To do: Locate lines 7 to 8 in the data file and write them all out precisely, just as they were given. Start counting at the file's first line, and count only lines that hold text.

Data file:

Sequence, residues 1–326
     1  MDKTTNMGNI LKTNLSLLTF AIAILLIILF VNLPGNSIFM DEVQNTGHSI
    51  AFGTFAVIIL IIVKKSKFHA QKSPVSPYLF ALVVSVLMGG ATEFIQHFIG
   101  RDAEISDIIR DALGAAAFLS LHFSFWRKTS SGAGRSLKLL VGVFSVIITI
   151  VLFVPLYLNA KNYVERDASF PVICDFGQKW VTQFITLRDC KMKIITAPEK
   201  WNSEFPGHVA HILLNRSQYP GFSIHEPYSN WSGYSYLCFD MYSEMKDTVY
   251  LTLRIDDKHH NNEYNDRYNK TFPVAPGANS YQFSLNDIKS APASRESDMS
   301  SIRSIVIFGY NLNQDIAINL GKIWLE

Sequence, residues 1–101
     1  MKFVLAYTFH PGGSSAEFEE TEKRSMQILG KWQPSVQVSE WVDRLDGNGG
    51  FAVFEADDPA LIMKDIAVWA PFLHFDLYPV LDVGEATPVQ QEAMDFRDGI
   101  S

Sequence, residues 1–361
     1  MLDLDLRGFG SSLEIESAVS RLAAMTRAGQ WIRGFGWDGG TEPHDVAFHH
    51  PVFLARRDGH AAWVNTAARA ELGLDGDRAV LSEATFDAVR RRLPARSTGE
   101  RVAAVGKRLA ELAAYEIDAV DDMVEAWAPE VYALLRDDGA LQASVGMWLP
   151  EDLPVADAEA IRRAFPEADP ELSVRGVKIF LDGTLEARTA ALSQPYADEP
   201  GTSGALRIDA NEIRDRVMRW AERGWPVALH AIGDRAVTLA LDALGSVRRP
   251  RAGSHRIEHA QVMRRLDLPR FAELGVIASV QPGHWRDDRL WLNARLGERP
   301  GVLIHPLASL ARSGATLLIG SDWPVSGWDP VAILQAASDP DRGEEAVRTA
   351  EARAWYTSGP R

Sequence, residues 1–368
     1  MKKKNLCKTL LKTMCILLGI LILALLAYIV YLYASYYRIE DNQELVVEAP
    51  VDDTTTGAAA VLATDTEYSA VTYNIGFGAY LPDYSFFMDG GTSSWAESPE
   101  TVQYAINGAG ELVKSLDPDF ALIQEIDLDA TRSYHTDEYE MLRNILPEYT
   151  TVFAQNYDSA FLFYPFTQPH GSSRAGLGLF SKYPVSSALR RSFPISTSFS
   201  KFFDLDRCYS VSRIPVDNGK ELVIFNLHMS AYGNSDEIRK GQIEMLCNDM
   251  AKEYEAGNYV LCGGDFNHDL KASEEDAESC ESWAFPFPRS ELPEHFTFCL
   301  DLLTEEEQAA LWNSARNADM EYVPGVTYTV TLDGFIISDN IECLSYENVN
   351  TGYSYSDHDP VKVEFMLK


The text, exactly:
   251  LTLRIDDKHH NNEYNDRYNK TFPVAPGANS YQFSLNDIKS APASRESDMS
   301  SIRSIVIFGY NLNQDIAINL GKIWLE